As a Community Manager, the search for tools to improve the team performance and their well-being seems to be endless. The thirst to improve and evolve is unceasing. And I like that. For that reason, I've installed a new bot on Codepoint's Slack regarding sharing feedback between team members. I took the opportunity to reflect on the importance of positive feedback within companies. In a professional setting we are not used to recognizing what is going well. Instead, we are taught to identify what is wrong, trying to fix it.
It seems to me that in most cases, the most frequent feedback happens when someone makes a mistake, for example: “Your mistake X had Z consequences". So we tend to associate the word “feedback” with something that went wrong and get scared when asked “Can I give you some feedback?”. If we feel that we are going to be evaluated or judged, it unfolds a stress state in us.
Generally speaking, it is less common to hear positive feedback when tasks that go well. These are often taken for granted. However, for tasks to run smoothly and right, it requires concentration and dedication. Why not reward it or at least acknowledge it?
We all recognize that constructive feedback gives us the opportunity to learn and grow. But, that doesn't mean we don't need positive feedback. In fact, the power of it is often underestimated. It's a way to boost the confidence of the professionals, assuring them that we trust their abilities and helping them to continuously do a better job. This simple action makes employees feel valued, which makes them more motivated and focused. This support and assurance results in better work relationships and greater retention.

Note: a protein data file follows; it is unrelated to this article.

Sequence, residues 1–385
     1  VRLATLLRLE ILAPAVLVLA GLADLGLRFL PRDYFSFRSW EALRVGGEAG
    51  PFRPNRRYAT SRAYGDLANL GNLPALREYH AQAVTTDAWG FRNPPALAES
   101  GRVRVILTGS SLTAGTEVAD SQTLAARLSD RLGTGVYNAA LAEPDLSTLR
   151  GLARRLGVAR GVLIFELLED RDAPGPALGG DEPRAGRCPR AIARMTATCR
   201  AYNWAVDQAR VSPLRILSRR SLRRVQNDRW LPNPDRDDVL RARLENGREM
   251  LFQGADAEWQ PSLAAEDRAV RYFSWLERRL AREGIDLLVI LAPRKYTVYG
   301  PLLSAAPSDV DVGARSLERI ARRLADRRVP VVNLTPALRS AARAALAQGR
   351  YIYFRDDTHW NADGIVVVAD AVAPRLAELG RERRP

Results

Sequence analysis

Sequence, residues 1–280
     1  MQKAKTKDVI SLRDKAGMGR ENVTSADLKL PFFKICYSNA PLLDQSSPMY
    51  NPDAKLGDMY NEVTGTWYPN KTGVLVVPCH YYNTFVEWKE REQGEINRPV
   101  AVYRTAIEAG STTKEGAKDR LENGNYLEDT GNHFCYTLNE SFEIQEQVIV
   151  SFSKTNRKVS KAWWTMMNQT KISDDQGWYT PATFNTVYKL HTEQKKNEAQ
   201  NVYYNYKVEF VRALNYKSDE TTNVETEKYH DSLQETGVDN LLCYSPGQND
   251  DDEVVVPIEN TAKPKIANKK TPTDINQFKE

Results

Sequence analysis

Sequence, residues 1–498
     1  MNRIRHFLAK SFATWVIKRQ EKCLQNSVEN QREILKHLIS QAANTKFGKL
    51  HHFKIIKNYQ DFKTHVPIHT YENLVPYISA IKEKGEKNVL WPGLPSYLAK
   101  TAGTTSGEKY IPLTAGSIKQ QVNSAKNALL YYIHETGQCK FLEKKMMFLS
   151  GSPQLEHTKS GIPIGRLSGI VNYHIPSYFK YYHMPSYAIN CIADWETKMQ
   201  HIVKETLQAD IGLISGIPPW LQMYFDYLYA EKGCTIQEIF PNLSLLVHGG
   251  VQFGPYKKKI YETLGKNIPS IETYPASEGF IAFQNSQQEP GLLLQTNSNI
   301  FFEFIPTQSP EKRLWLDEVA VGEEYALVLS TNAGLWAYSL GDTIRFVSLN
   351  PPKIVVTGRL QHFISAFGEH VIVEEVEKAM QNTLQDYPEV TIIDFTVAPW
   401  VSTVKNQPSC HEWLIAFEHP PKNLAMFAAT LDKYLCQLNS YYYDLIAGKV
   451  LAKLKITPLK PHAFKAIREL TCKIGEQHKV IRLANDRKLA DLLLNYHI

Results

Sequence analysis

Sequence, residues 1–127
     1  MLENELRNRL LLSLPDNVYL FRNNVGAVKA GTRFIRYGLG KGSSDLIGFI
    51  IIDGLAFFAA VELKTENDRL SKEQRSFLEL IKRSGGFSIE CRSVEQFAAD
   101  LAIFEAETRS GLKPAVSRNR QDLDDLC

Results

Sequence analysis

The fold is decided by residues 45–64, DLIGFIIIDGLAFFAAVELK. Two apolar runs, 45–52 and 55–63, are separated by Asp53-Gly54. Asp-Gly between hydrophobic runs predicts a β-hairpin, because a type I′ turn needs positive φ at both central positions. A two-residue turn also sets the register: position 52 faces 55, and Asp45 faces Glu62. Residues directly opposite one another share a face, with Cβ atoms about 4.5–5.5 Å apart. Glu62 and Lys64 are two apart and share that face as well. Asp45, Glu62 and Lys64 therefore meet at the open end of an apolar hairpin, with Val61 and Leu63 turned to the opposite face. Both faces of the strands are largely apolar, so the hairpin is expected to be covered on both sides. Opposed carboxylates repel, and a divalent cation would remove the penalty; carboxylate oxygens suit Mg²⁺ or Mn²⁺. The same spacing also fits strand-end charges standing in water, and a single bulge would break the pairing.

Frequent feedback is also important as it is much easier for people to accept critics when things go wrong if they are also used to hearing positive things.
T-three helped me realize that congratulating someone on their work is not enough. I learned 3 helpful tips on giving more concrete and constructive positive feedback:
While “feedback” ends up focusing on the past, “feedforward” focuses on future improvements. For example, instead of “You didn't time the tasks at the end of the day”, say “Please try to time the tasks at the end of each day from now on”.
DESC is an acronym for "describes, expresses, specifies and consequences". This technique is summed up in a simple but powerful way of explaining to others what they can do more, less, or differently in order to improve and maximize their performance.
As for the “what and why”, it is an easy method to adopt. Basically Consists in talking to each other about what they did that impressed you and why it was a good practice. For example: “I'm glad you patiently explained the process to the client, as it resulted in his enlightenment”.
Since the beginning that Codepoint. uses Slack to chat individually or in a group. Since this tool allows the integration of useful bots, we decided to try Matterapp's bot. This bot allows team members to exchange personalized feedback phrases (kudos) visible to the entire team and enabling all members to react to it. Furthermore, this bot encourages all members to do it weekly, which I believe is a great way to strengthen ties between the team.
It has worked very well for us, adherence has been great and the feedback exchanged has had a positive impact on everyone's work and mood. I strongly advise other companies that want to try it out because, in addition to being free, it is enriching for everyone, practicing empathy and recognition.